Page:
Department of Psychology & Educational Sciences University of Tehran
Department of Psychology & Educational Sciences Shahid Beheshti University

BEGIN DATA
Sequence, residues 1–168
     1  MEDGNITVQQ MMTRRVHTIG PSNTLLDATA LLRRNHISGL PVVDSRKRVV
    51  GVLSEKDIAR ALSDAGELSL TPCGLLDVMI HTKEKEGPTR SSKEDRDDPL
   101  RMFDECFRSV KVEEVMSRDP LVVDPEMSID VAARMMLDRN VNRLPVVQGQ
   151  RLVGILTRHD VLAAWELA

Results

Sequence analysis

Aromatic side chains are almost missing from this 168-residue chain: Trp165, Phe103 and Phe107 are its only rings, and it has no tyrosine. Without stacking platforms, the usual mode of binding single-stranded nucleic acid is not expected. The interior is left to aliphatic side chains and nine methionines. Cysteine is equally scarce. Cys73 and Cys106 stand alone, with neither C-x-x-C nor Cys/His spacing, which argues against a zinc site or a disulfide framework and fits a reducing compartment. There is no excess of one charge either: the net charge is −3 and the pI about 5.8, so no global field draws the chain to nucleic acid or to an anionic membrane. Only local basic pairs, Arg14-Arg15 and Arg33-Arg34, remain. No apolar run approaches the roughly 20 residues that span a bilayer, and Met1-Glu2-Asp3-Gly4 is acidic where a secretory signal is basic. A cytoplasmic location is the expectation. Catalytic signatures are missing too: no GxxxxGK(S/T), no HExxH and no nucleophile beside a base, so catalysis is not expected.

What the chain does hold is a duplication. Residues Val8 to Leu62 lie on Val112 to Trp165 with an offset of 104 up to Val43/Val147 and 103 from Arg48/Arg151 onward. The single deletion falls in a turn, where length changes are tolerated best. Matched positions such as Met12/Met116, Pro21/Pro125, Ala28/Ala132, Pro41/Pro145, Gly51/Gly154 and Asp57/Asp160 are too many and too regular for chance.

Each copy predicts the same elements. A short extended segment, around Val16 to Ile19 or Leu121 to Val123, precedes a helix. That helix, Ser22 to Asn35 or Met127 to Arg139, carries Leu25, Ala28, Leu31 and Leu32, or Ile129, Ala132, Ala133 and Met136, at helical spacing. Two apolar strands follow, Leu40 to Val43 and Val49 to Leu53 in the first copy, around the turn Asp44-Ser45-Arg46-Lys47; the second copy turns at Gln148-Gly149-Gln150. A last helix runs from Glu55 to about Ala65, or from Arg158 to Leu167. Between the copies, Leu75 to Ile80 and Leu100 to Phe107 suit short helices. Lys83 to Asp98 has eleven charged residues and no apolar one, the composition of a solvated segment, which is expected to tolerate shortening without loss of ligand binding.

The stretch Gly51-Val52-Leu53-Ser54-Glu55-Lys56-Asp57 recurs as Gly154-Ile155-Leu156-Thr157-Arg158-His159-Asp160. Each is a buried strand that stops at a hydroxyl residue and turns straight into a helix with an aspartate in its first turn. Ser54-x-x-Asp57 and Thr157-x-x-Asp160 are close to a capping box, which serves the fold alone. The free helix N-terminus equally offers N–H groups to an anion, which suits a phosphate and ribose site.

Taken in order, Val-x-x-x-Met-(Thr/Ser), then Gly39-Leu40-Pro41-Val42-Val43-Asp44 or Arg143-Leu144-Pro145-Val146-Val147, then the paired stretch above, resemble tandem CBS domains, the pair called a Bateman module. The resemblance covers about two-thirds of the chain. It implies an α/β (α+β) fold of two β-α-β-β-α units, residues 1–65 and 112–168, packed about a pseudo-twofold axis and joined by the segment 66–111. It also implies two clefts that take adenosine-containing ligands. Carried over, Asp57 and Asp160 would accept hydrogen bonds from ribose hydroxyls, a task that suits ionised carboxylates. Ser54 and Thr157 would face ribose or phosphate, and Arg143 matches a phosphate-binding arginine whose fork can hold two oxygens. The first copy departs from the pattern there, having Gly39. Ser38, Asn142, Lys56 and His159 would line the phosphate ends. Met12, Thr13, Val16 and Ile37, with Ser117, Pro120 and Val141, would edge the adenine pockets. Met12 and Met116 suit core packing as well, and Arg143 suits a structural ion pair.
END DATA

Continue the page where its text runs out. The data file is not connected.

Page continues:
The current study was conducted with the aim of examining the impact of social-cognitive categorization of a victim of aggression on the degree of empathy individuals feel toward him. The innocent victim categorized as an in-group member was hypothesized to evoke the highest empathy, whereas the guilty victim belonging to an out-group was expected to be empathized with the least of all. Participants were 104 Iranian female adults who were sampled form the population of female students at the psychology department of the University of Tehran during 2012-2013. They were randomly assigned to four experimental groups and asked to read scenarios in which one character was the victim of aggression by another. Victims varied with regard to in-group-out-group membership (Iranian vs. Saudi Arabian) and perceived morality (guilty vs. innocent). Participants’ explicit and implicit empathies with the victim were assessed using explicit questions and Implicit Association Test, respectively. Analysis of variance (ANOVA) was used to analyze the data. Social-cognitive categorization of the victim had a significant effect on implicit, affective and motor empathies. The innocent Iranian was the victim empathized with the most, while the innocent Arab and the guilty Arab received the same degree of empathy. Participants empathized more with the guilty Iranian than the innocent Arab. Cognitive empathy was not influenced by social-cognitive categorization of the victim. The present findings suggest that compared to perceived morality, the in-group-out-group dimension had a more noticeable impact on empathy, particularly those kinds of empathy more dependent on the evolutionarily ancient systems of the brain.